Q437/53151[Reference]1[Reference]1[Reference]1[Reference]
      P- trend< 0.001< 0.001< 0.0010.001
      L5 onset
       Advanced81/61971.40 (1.03, 1.90)1.42 (1.05, 1.93)1.38 (1.01, 1.87)1.39 (1.02, 1.89)
       Intermediate83/89041[Reference]1[Reference]1[Reference]1[Reference]
       Delayed87/58211.56 (1.16, 2.11)1.52 (1.13, 2.06)1.47 (1.08, 1.99)1.40 (1.03, 1.90)
      P- trend0.470.630.670.93
      M10 onset
       Advanced72/60980.88 (0.66, 1.18)0.87 (0.65, 1.16)0.86 (0.64, 1.15)0.90 (0.67, 1.20)
       Intermediate132/96441[Reference]1[Reference]1[Reference]1[Reference]
       Delayed47/51790.82 (0.59, 1.15)0.80 (0.57, 1.13)0.77 (0.55, 1.08)0.75 (0.53, 1.05)
      P- trend0.860.840.730.43
      Abbreviation: CI, confidence interval; HR, hazard ratio; IS, interdaily stability; IV, intradaily variability; M10, activity counts of the most active 10 hours of the day; M10 onset, onset of activity during the day; L5, activity counts of the least active 5 hours of the day; L5 onset, offset of activity during the night; RA, relative amplitude.
      Model 1 was adjusted for age and sex. Model 2 was adjusted as in model 1 and for ethnic origin, Townsend deprivation index, recruitment center, education level, and season of accelerometer wear. Model 3 was adjusted as in model 2 and for healthy diet score, smoking status, and alcohol intake. Model 4 was adjusted as in model 3 and for sleep duration and duration of moderate to vigorous physical activity. Participants with prevalent CVDs were excluded.
      Table 4Associations between circadian rest-activity rhythms and risk of cardiovascular mortality among people with type 2 Diabetes
      No. of events/

      person-years
      Model 1

      HR (95% CI)
      Model 2

      HR (95% CI)
      Model 3

      HR (95% CI)
      Model 4

      HR (95% CI)
      IS
       Q126/52501.19 (0.69, 2.07)1.14 (0.66, 1.99)1.17 (0.67, 2.04)1.27 (0.73, 2.21)
       Q231/52321.27 (0.75, 2.15)1.28 (0.76, 2.16)1.30 (0.77, 2.20)1.39 (0.82, 2.35)
       Q327/52301.05 (0.62, 1.81)1.08 (0.63, 1.86)1.12 (0.65, 1.92)1.16 (0.68, 2.00)
       Q426/52101[Reference]1[Reference]1[Reference]1[Reference]
      P- trend0.410.520.470.30
      IV
       Q121/52741[Reference]1[Reference]1[Reference]1[Reference]
       Q224/52071.08 (0.60, 1.94)1.09 (0.61, 1.97)1.10 (0.61, 1.98)1.11 (0.62, 2.01)
       Q324/52261.08 (0.60, 1.94)1.05 (0.59, 1.90)1.04 (0.58, 1.88)1.08 (0.60, 1.95)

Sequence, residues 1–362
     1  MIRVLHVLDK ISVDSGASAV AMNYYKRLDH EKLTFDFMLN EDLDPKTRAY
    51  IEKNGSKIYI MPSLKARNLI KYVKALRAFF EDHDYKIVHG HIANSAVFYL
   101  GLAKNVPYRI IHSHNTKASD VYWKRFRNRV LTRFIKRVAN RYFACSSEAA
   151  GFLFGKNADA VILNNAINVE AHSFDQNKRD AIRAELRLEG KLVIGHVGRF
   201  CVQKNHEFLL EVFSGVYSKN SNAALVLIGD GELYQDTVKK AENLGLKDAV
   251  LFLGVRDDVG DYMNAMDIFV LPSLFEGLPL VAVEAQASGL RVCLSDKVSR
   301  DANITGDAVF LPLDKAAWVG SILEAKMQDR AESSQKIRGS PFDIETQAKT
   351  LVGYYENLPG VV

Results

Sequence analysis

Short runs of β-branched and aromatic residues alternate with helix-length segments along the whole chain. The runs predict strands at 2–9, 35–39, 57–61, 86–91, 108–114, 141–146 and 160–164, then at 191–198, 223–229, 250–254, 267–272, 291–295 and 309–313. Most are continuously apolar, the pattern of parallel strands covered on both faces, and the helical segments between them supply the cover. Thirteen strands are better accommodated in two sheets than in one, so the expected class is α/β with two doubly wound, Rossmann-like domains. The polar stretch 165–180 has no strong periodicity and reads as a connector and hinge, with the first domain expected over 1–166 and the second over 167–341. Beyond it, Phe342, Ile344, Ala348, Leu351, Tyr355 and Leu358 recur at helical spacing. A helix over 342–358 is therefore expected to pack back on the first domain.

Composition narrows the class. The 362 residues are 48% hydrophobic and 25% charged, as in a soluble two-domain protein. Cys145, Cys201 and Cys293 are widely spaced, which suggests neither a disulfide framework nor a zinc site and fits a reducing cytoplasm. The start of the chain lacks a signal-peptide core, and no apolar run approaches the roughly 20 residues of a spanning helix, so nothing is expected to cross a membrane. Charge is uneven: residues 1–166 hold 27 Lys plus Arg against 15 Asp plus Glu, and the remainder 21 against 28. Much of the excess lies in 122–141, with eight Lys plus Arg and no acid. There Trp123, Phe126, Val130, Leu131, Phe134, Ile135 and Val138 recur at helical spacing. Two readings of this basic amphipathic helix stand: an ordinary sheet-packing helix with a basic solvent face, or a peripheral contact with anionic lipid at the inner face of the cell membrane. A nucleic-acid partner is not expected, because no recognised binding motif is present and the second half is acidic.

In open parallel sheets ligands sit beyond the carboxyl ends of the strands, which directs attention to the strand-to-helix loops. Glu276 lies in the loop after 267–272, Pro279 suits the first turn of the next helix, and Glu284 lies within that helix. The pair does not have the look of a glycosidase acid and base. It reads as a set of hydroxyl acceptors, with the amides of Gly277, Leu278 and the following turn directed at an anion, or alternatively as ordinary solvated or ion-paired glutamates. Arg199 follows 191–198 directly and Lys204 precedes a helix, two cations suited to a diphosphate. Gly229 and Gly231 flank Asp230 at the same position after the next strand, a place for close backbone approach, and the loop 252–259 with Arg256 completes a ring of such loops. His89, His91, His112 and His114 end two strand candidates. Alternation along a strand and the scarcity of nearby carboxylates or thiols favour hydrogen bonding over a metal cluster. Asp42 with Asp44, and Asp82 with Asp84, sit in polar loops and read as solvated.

Q441/52141.88 (1.11, 3.19)1.79 (1.05, 3.04)1.73 (1.02, 2.94)1.82 (1.07, 3.10)
      P- trend0.0150.0290.0420.025
      RA
       Q158/50867.04 (3.36, 14.77)6.39 (3.03, 13.48)5.91 (2.79, 12.51)3.98 (1.76, 9.00)
       Q225/52412.90 (1.31, 6.44)2.80 (1.26, 6.23)2.59 (1.16, 5.77)1.81 (0.78, 4.21)
       Q319/52812.08 (0.91, 4.76)2.15 (0.94, 4.92)2.12 (0.92, 4.85)1.71 (0.74, 3.99)
       Q48/53151[Reference]1[Reference]1[Reference]1[Reference]
      P- trend< 0.001< 0.001< 0.001< 0.001
      L5 onset
       Advanced24/61971.36 (0.85, 2.17)1.40 (0.88, 2.24)1.33 (0.83, 2.14)1.34 (0.83, 2.15)
       Intermediate36/89041[Reference]1[Reference]1[Reference]1[Reference]
       Delayed40/58211.67 (1.06, 2.62)1.63 (1.04, 2.57)1.54 (0.98, 2.43)1.41 (0.89, 2.23)
      P- trend0.350.480.510.77
      M10 onset
       Advanced35/60981.01 (0.66, 1.55)0.98 (0.64, 1.50)0.96 (0.63, 1.47)1.00 (0.65, 1.54)
       Intermediate55/96441[Reference]1[Reference]1[Reference]1[Reference]
       Delayed20/51790.83 (0.50, 1.40)0.78 (0.47, 1.32)0.75 (0.45, 1.26)0.71 (0.42, 1.20)
      P- trend0.520.480.460.28
      Abbreviation: CI, confidence interval; HR, hazard ratio; IS, interdaily stability; IV, intradaily variability; M10, activity counts of the most active 10 hours of the day; M10 onset, onset of activity during the day; L5, activity counts of the least active 5 hours of the day; L5 onset, offset of activity during the night; RA, relative amplitude.
      Model 1 was adjusted for age and sex. Model 2 was adjusted as in model 1 and for ethnic origin, Townsend deprivation index, recruitment center, education level, and season of accelerometer wear. Model 3 was adjusted as in model 2 and for healthy diet score, smoking status, and alcohol intake. Model 4 was adjusted as in model 3 and for sleep duration and duration of moderate to vigorous physical activity. Participants with prevalent CVD were excluded.

      4. Discussion

      In this prospective cohort study among people with type 2 diabetes, we found that disrupted CRAR, objectively quantified by continuous accelerometer recordings, was associated with higher risks of CVD, IHD, and mortality from all-cause and CVD. In detail, low IS (decreased day-to-day consistency in rhythm) and low RA (less robustness in rhythm) were associated with an increased risk of CVD. A series of sensitivity analyses for assessing potential bias provided further support to the robustness of these findings. Similarly, we also found that low RA was associated with the risk of IHD, and those with low IS and delayed L5 onset also demonstrated a slightly higher risk. In addition, high IV (fragmentation in rhythm) and low RA were significantly associated with CVD mortality. Similar patterns were observed for all-cause mortality.